Around 2005, accelerated melting of polar ice sheet and mountain glaciers, together with rising sea level, caused the North Pole to drift towards east, marking an “abrupt departure” from the direction recorded over the past century. Accelerated rates of ice melting in Greenland and Antarctica have been observed since 2005-2006 and thus coincide with the abrupt change in polar shift.
“When mass is lost in one part of a spinning sphere, its spin axis will tilt directly towards the position of the loss,” Erik Ivins, a geophysicist at NASA’s Jet Propulsion Laboratory in Pasadena, California was quoted as saying in Nature .
The melting ice has also increased the rate of drift from about two milliarcseconds (MAS) per year during the period 1982-2005 to about nine MAS per year post 2005, a study published recently in the journal states.
The changes were recorded by satellite gravity measurements by the Gravity Recovery and Climate Experiment (GRACE) mission, jointly sponsored by U.S. and Germany.
GRACE provides monthly gravity field data that correlates with mass changes for the entire Earth, and from this, it is possible to extract the precise contributions from individual sources. This information helped the scientists in pinning down the cause of abrupt pole drift in 2005 to “variations in climate system”.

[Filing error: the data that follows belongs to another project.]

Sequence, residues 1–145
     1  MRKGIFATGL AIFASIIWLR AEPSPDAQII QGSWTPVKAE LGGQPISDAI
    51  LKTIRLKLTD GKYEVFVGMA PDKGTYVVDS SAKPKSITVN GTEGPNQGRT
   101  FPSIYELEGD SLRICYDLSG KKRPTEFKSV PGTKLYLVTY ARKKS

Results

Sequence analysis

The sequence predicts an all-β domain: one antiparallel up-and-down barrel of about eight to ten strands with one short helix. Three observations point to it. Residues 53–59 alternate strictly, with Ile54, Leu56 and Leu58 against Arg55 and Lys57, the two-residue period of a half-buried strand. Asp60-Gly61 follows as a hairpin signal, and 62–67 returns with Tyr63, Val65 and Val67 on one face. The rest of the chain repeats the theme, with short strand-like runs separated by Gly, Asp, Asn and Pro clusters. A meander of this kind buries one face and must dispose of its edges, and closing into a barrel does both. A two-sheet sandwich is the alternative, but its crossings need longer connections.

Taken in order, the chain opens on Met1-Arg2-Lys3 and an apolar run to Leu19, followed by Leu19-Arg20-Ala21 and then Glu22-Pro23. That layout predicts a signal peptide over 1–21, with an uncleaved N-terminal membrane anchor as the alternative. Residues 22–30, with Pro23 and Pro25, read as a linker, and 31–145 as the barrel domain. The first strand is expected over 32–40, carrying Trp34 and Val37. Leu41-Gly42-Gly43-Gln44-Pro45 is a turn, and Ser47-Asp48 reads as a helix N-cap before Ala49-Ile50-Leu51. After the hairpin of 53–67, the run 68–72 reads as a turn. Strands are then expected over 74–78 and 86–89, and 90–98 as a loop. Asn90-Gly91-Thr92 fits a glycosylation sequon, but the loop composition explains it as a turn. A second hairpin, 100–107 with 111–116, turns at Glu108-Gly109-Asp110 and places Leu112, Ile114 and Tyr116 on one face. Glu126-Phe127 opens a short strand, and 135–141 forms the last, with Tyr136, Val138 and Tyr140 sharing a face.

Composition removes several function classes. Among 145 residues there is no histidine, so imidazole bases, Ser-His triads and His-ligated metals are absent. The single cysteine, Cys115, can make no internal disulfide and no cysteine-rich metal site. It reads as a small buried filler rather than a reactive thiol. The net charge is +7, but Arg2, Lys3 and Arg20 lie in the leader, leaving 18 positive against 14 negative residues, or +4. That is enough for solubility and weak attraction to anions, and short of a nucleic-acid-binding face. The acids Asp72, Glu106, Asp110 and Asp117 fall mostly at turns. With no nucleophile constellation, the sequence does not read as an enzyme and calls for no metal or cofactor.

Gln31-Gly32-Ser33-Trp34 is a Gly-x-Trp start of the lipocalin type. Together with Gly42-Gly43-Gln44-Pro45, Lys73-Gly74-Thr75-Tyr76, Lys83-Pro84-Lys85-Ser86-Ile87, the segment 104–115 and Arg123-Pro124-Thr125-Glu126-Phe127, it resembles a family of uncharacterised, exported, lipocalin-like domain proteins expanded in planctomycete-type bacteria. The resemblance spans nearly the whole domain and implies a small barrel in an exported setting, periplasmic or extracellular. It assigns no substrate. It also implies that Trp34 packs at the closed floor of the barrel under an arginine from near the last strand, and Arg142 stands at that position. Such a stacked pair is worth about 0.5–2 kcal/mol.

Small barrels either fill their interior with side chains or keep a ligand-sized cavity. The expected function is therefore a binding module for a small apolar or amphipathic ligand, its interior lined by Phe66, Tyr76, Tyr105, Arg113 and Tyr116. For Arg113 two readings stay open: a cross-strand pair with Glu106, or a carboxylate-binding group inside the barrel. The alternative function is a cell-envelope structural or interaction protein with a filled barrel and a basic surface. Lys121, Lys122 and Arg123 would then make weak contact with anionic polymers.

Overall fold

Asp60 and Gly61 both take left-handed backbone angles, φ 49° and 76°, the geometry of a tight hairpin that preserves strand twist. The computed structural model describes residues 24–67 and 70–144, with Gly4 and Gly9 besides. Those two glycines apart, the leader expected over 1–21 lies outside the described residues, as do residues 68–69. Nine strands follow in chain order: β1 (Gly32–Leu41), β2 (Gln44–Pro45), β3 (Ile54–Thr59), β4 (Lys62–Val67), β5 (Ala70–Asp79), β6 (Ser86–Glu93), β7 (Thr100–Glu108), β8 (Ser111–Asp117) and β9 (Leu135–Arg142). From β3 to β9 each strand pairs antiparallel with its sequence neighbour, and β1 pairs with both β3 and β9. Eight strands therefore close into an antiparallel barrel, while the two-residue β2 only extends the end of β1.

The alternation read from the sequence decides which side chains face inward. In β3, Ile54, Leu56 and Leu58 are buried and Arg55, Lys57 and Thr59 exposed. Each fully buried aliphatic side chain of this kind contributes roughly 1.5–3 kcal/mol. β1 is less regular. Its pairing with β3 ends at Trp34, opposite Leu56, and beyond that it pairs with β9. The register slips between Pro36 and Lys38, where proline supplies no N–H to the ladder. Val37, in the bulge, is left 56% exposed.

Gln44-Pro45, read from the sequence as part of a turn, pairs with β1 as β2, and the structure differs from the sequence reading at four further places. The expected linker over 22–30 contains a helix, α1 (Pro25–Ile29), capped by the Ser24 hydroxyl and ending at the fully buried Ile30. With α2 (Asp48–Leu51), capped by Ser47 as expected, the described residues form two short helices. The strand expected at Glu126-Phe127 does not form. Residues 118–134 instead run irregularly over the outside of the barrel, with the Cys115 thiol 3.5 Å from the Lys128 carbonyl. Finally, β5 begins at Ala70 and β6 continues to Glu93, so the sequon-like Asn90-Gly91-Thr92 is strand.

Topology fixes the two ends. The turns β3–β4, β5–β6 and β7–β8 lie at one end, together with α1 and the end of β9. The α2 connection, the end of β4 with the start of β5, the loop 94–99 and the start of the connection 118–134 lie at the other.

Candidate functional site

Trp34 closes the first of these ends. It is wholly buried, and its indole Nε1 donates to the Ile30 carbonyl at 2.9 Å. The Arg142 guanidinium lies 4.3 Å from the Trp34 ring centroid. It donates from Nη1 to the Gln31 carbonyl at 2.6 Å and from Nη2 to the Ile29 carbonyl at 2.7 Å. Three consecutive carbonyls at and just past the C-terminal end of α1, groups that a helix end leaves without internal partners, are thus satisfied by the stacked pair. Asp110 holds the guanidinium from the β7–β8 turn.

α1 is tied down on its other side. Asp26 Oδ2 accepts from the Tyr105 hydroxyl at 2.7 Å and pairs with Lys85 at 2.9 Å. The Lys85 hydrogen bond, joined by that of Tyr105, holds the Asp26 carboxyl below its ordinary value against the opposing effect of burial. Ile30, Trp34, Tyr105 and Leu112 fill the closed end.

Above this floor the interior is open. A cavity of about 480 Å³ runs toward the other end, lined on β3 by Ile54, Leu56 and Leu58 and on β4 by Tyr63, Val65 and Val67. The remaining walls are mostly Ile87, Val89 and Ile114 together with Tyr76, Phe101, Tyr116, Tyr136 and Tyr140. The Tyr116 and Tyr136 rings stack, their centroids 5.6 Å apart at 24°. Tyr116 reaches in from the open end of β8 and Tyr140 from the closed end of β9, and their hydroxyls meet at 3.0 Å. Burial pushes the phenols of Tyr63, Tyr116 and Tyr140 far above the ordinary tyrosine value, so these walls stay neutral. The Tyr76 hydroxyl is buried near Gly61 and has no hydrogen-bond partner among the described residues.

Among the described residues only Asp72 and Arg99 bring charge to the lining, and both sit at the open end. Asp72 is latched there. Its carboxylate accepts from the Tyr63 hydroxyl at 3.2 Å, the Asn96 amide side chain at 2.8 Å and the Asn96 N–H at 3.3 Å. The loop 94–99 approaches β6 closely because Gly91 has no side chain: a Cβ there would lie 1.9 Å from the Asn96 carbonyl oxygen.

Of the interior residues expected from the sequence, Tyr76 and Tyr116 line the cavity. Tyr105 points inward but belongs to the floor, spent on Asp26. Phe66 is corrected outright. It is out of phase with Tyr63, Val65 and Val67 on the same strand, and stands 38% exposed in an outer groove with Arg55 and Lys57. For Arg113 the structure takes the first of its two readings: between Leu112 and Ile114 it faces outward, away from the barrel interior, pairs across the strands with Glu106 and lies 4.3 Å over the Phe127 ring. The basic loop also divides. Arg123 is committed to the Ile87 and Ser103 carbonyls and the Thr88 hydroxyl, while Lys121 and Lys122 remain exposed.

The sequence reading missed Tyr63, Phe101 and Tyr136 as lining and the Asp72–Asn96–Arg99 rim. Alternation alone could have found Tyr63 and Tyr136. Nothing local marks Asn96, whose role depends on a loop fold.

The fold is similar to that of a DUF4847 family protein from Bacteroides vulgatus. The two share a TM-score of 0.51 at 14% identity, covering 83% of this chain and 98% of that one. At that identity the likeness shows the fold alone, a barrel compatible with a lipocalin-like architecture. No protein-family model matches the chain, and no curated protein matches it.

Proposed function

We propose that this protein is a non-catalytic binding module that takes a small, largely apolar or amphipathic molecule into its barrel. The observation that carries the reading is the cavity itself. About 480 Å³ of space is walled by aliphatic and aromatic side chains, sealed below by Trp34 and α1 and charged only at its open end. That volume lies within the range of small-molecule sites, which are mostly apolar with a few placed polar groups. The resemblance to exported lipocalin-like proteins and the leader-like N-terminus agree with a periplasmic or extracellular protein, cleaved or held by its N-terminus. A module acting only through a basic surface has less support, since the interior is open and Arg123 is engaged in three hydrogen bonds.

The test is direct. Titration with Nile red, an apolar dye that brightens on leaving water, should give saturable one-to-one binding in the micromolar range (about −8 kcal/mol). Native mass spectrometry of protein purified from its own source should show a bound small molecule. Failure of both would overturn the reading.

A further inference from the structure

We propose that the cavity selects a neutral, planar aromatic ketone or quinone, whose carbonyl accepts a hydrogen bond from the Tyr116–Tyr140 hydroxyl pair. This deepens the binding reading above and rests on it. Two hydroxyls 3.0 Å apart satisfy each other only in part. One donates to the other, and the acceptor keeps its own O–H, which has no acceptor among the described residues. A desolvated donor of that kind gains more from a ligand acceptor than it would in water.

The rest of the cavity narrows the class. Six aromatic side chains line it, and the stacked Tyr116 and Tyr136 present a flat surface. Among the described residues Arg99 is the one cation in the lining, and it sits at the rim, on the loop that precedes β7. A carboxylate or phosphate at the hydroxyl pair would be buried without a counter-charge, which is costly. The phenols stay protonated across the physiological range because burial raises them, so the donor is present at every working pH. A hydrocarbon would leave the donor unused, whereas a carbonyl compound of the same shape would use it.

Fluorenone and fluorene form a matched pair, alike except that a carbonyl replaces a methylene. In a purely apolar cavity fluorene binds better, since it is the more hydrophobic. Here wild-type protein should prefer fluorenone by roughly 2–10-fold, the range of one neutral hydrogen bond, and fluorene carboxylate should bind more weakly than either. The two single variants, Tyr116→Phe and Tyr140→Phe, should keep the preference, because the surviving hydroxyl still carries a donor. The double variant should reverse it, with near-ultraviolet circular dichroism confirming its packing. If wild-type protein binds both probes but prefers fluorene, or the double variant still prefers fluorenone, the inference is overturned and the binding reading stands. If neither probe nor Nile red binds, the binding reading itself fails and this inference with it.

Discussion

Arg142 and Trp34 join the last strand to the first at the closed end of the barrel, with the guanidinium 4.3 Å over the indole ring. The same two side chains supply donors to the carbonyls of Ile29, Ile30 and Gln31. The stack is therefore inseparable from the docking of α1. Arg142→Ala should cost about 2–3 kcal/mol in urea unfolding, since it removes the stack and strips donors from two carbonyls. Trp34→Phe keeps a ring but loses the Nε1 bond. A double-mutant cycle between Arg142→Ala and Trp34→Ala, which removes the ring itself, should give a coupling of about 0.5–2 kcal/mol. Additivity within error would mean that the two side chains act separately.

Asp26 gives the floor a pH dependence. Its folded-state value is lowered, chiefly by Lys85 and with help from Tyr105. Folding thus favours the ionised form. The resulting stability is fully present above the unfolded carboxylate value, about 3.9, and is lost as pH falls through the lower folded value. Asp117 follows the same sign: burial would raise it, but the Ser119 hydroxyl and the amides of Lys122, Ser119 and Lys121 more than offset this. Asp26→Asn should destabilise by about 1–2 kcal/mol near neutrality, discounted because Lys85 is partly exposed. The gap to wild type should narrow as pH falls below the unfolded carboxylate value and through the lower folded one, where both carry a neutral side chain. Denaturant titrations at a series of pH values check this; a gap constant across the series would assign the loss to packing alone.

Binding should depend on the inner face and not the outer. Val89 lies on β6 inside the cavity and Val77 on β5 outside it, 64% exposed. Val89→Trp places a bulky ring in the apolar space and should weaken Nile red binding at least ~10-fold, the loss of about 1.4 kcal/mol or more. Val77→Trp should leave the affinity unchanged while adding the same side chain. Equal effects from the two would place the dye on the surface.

Atmospheric and terrestrial water storage changes have made only a “minor” contribution to the shift in Pole direction and rate.
The researchers from the University of Texas at Austin consider this study as a reaffirmation of the increased ice melting at poles and mountain glaciers in recent years.
This is borne from the fact that mass movement in solid earth takes place over long time scales.
Since earth monitoring using satellites has begun only during the last few years, there is no way of knowing the rate and amount of ice-sheet melting in the past. However, data on polar motion is available, thus making it possible to extrapolate the polar ice-sheet melting in the past.